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Effectiveness of Stock Valuation Based on Accounting Variables

Posted in Fundamental Valuation

Is fundamental valuation of stocks an inherently effective investment approach? In their October 2015 paper entitled “Fundamental Analysis Works”, Sohnke Bartram and Mark Grinblatt test whether fundamental valuation usefully predict stock performance. Each month, they estimate the fair value (market capitalization) of each stock based on linear regression versus the 28 most commonly reported firm accounting variables (14 from the balance sheet and 14 from the income statement), thereby avoiding snooping of specific indicators. They then rank stocks into fifths (quintiles) based on the degree to which the market misprices them (percentage difference between actual market capitalization and estimated fair value). Finally, they measure the profitability of a monthly reformed portfolio that buys (sells) the most undervalued (overvalued) quintile. Using monthly accounting data as available from Forms 10-Q/10-K and prices for a broad sample of non-financial U.S. common stocks during January 1977 through December 2012 (432 months), they find that:

  • A hedge portfolio that is long the equal-weighted (value-weighted) quintile of the most undervalued stocks and short the quintile of the most overvalued stocks, reformed monthly, generates an average gross monthly return of 0.68% (0.44%). The gross annualized return is 8.1% (5.3%). The gross return is positive in 61% (56%) of months.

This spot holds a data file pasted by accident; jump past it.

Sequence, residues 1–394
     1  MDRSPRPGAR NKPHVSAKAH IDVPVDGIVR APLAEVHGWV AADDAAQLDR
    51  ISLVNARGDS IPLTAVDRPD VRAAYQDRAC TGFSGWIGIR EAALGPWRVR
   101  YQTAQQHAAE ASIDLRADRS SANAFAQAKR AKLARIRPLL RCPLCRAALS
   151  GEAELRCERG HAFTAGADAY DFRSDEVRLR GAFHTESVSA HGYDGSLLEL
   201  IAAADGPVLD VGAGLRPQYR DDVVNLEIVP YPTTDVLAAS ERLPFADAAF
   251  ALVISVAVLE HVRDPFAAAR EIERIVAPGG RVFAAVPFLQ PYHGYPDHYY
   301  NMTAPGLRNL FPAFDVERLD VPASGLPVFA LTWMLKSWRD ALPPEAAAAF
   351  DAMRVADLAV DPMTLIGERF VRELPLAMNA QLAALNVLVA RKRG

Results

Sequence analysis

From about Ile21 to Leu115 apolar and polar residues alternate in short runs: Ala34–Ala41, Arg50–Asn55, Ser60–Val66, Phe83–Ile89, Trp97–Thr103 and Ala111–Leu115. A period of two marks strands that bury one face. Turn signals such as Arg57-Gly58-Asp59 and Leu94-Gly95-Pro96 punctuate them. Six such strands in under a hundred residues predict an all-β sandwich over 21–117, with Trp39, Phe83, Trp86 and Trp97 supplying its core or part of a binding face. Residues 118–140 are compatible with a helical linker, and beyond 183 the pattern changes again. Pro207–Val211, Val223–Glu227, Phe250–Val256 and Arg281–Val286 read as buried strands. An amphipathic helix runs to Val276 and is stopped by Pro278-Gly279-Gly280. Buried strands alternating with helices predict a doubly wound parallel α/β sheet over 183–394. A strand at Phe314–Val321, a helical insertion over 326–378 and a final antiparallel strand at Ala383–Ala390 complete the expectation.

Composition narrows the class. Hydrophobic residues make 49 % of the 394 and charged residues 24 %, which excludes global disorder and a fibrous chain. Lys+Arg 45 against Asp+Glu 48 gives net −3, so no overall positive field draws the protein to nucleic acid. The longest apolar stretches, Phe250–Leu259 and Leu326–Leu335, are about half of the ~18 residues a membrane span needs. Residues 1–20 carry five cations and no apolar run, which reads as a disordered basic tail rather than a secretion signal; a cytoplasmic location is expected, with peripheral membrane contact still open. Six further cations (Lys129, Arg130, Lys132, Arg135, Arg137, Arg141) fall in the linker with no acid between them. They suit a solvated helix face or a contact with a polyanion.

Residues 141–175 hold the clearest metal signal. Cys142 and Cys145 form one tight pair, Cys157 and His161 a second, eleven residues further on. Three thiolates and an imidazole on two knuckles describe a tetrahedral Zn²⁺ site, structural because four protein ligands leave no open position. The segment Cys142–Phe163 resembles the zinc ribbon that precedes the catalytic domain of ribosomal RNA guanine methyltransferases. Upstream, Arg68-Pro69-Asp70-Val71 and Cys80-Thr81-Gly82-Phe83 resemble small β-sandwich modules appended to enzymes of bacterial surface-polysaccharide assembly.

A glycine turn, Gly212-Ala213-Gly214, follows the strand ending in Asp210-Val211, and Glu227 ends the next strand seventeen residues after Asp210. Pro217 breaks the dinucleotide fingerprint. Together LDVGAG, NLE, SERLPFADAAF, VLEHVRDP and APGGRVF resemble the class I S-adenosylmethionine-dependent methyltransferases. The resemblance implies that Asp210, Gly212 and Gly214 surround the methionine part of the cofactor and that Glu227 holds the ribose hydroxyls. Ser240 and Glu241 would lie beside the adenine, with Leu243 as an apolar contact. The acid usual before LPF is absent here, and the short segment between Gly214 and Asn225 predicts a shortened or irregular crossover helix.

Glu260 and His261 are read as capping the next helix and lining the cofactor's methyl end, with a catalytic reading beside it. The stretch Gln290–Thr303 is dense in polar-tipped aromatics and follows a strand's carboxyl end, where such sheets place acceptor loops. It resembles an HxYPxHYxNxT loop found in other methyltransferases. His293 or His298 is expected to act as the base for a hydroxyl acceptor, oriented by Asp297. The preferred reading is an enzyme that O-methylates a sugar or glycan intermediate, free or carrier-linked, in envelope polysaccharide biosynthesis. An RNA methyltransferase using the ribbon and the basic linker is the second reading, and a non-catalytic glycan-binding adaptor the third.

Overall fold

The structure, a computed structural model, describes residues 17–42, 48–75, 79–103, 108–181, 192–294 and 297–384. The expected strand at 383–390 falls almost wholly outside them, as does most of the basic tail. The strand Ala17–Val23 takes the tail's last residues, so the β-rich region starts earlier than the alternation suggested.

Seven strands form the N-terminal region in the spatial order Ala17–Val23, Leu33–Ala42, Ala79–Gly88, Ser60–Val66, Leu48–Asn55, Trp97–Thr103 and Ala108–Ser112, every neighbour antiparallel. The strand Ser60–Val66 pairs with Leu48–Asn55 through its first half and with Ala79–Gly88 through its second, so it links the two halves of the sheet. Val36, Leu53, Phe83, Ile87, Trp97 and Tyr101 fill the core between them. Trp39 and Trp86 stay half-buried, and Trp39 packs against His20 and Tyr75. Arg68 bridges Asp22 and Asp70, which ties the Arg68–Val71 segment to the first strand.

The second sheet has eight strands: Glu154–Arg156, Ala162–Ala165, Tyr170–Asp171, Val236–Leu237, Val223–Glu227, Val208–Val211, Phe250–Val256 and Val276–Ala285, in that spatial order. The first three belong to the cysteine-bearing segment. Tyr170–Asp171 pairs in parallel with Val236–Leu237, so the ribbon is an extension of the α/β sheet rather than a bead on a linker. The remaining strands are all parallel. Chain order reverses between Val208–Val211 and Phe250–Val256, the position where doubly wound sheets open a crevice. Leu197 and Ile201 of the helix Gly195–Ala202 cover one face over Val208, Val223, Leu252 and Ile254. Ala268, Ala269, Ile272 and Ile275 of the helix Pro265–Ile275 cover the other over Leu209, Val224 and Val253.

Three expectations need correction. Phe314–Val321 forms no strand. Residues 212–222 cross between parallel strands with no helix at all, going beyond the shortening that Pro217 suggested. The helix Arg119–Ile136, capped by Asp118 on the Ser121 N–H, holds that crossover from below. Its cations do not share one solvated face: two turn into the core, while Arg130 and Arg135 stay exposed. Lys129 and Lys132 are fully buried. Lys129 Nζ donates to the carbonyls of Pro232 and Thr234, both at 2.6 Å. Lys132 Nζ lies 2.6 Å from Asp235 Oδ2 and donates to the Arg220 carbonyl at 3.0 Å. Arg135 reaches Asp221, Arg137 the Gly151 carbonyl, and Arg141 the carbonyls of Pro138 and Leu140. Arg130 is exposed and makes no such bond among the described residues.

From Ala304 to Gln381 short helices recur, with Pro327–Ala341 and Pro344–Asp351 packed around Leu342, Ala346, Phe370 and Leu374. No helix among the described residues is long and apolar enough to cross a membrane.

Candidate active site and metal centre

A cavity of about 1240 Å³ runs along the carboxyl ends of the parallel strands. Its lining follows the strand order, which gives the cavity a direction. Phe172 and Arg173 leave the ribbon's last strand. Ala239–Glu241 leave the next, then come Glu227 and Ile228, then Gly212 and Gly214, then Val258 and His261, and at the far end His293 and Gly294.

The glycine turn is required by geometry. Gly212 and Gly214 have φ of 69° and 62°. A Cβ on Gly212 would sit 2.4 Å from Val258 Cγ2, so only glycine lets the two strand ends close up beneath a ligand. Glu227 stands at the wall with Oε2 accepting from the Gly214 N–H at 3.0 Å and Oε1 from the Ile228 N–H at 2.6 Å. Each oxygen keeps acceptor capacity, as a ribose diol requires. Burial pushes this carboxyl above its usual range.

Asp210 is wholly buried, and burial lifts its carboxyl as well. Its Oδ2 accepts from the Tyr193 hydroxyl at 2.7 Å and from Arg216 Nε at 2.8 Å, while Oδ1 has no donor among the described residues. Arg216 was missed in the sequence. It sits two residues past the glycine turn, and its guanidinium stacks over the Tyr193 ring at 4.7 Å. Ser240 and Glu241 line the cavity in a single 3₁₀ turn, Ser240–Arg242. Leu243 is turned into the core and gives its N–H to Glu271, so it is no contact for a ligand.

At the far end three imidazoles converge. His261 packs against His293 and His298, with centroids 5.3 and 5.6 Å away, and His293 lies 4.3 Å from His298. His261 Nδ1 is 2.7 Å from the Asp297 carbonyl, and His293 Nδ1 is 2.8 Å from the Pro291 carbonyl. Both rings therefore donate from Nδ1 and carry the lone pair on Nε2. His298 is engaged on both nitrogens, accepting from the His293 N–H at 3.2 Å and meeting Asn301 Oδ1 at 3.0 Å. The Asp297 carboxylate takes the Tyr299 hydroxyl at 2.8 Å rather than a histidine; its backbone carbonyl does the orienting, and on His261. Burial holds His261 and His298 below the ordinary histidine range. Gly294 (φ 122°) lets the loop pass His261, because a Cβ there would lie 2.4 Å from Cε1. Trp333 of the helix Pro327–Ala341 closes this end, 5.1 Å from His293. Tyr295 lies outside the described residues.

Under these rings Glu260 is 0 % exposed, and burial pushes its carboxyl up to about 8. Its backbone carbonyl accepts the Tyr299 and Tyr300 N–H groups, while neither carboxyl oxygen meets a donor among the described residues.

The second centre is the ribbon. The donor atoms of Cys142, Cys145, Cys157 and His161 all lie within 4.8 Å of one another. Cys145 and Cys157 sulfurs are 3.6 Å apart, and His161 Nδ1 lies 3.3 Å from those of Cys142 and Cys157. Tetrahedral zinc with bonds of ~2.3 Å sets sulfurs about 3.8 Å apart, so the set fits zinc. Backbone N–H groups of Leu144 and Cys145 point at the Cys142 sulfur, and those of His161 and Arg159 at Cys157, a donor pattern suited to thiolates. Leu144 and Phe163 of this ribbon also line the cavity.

• Compared to the most overvalued quintile, the most undervalued quintile consists of stocks with lower market capitalizations, lower past returns and higher book-to-market ratios. In other words, underpriced stocks tend to small value losers.
  • Depending on the number of factors used for risk adjustment (three to seven), gross annualized alpha of the hedge portfolio is in the range 4% to 9% and positive during about 60% of months.
  • Results are fairly consistent across subperiods.
  • The greatest rate of convergence to fair value of misvalued stocks occurs during the first month after valuation and decays to zero over the next 28 months (see the chart below).
  • Annual rather than monthly portfolio reformation of an equal-weighted hedge portfolio reduces gross alpha by about half, but also cuts annual portfolio turnover from 226% to 59%.
  • Using initially reported (rather than as-revised) accounting data reduces gross monthly alpha by about 0.09%.

The following chart, taken from the paper, tracks average gross monthly six-factor (market, size, book-to-market, momentum, short-term reversal, long-term reversion) and seven-factor (adding profitability) alphas for the hedge portfolio specified above over the 35 months after formation. The two alphas exhibit similar decay behaviors. Accrual of alpha is rapid during the first three months (especially the first month). Stocks reach initial fair value estimates after about 2.3 years.

mispricing-alpha-with-lags

In summary, evidence indicates that stock valuation based on comprehensive accounting data does segregate stocks according to actual fair value.

Cautions regarding findings include:

  • The word “works” in the paper’s title means gross, not net. Monthly rebalancing frictions and shorting costs would reduce hedge portfolio performance. Moreover, shorting of overvalued stocks may not always be feasible (shares may be unavailable for borrowing).
  • Nor do findings include costs of monthly data collection/processing. Investors delegating such efforts would incur management fees.
  • As noted, principal findings incorporate accounting revisions retroactively, thereby overstating hedge portfolio profitability.
  • As noted in the paper, more precise ways of estimating fair values may exist. However, snooping of alternatives would impound bias.
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